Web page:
Find a scope with 4 or 5 inches of eye relief, and mount it as far forward as the rings will allow. That's what I did with my .458, it has a Leupold 1.5x5 VX-III. On 1.5 power, it has quite a bit of eye relief, and that's still good enough magnification to get 1.5 MOA from the bench.
Also a slip-on recoil pad can temporarily increase the length of pull and sometimes this helps also.
What we have done for the hard kickers is make up a leaning bench. you can see these in Greeners book The Rifle and its Development and some other books I cant think of right at the moment. It a "U" shaped bench at standing height, keeps you verticle and lets you rock with the punch
(you need to lean slightly into the rifle). You can shoot very well standing and take a lot more recoil than sitting. Our first one was of PVC and anchored to the ground with rebar. the second of 4 X 4's, not really as satisfactory.
If you look at the old pictures of Elmer Keith and others shooting big guns like the .50 caliber bolt actions etc. they are shooting over the top of a car or off the hood of a truck.
Mike G is spot on with lower power scopes and a good pad or coat, helps keep your mind clear for tha task at hand!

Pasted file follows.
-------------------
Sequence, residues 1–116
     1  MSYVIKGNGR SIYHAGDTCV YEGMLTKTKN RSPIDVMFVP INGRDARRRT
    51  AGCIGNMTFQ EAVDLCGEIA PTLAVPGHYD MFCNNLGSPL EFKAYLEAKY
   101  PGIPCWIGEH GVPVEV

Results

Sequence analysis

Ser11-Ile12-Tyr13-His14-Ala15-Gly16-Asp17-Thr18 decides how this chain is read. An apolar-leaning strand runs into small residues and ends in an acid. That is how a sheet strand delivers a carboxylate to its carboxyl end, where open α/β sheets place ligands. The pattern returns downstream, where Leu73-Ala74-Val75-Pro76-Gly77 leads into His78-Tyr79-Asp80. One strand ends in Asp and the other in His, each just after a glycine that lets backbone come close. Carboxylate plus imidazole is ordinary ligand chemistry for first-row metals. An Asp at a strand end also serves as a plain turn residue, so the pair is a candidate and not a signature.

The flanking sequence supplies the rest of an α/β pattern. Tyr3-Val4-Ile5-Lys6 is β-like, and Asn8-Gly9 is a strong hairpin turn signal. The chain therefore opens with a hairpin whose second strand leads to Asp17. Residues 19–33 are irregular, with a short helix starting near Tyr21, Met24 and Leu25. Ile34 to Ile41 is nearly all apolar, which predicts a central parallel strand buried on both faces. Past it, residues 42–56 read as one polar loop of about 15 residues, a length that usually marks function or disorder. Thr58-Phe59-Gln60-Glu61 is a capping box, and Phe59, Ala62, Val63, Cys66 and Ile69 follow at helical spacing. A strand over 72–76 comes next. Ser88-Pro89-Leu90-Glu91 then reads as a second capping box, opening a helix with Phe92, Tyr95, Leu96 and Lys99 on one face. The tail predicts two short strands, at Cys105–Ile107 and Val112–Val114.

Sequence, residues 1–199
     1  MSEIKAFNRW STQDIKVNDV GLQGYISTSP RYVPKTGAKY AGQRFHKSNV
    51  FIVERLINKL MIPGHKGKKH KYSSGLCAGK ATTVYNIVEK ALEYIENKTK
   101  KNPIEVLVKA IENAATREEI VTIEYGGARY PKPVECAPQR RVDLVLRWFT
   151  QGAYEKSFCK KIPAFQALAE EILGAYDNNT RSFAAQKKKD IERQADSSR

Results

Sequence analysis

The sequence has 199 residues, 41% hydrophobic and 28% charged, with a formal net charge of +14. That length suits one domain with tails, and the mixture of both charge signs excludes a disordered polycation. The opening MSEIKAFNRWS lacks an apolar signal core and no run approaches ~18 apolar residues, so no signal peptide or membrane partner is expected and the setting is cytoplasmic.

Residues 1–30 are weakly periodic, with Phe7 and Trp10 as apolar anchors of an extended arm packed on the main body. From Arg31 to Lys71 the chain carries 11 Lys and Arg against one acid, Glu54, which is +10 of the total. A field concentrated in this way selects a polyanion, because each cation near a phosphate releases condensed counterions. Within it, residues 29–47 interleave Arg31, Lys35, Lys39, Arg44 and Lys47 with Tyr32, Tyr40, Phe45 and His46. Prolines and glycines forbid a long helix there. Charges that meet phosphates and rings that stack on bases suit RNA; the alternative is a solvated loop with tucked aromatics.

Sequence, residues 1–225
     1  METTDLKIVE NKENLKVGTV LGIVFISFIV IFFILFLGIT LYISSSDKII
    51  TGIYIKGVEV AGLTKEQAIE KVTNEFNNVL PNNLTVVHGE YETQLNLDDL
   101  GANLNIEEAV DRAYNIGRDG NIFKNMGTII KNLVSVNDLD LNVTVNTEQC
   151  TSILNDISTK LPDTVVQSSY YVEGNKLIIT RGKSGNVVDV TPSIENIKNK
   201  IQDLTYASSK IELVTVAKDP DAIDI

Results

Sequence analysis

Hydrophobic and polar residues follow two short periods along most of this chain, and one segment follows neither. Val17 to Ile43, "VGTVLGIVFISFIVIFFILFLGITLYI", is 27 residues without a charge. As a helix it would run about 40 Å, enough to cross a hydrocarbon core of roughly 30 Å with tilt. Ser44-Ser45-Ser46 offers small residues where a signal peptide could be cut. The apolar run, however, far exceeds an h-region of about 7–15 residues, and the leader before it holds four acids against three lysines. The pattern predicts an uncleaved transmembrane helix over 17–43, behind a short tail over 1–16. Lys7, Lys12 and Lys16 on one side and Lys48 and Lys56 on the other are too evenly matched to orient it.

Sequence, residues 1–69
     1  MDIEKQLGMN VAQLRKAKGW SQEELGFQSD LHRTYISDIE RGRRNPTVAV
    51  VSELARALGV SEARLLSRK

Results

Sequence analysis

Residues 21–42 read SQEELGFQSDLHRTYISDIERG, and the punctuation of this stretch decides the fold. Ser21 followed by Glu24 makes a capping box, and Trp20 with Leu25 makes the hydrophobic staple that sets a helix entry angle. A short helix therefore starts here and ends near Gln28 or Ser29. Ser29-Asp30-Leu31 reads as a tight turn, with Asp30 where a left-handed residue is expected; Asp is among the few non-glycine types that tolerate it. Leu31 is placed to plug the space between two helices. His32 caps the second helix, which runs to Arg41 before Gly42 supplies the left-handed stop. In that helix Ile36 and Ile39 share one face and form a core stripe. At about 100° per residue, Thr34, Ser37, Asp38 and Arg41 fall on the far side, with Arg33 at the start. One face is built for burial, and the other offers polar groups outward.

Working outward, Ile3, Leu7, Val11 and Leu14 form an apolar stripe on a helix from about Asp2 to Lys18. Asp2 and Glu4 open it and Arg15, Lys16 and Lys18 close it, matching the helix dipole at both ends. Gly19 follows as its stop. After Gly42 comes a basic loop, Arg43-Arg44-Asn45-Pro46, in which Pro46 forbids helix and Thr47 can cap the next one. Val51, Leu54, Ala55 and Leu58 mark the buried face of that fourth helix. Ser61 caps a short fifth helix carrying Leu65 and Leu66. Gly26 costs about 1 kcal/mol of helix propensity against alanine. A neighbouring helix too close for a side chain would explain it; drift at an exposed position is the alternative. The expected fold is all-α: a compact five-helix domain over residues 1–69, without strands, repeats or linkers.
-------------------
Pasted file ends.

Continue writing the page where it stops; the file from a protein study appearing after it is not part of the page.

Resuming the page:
Definately go with the Leupold line and low powered scopes. I have a 1.75-6x on the No. 1 416 Rigby and a 1.5-5x on the M77 .416 Rigby. Plenty of eye relief on both and lets be perfectly honest here, if you need more power than 5x on most any big game arm, you are shooting at game way too far away. I have shot my .416s out to 500 yards with no probems, sure you might have to go to a bigger bullseye, say 8", but any game you are going to be hunting with a .416 Rigby will have a kill zone of at least that much.
I'll second the motion on the scopes with long eye releif, they are absolutely essential on these big guns, and the comments concerning what many would consider low magnification, and applicability of range to your .416 are right on the money.
Another suggestion I'll add, is the addition of a 25 lb. bag of shot placed between your shoulder and the rifle. The dead weight of the shot not only deadens the felt recoil from you rifle, enhancing better trigger control and concentration on the target, it also largely tames the violent and sudden rearward bucking of these big boomers, thus alleviating the tendency to receive a case of "magnum eyebrow" when bench shooting these big magnums.
I like to enjoy shooting my rifles, not going out for an endurance lesson, and the shot bag helps me aviod developing a flinch when shooting these guns off the bench.
As aptly observed in an earlier post, when shooting from a standing position, such as you will most likely be doing with a dangerous game rifle in the field, the body will roll with the recoil, and you'll likely never be bothered by it if you have one of the suggested scopes with a longer than average eye releif.
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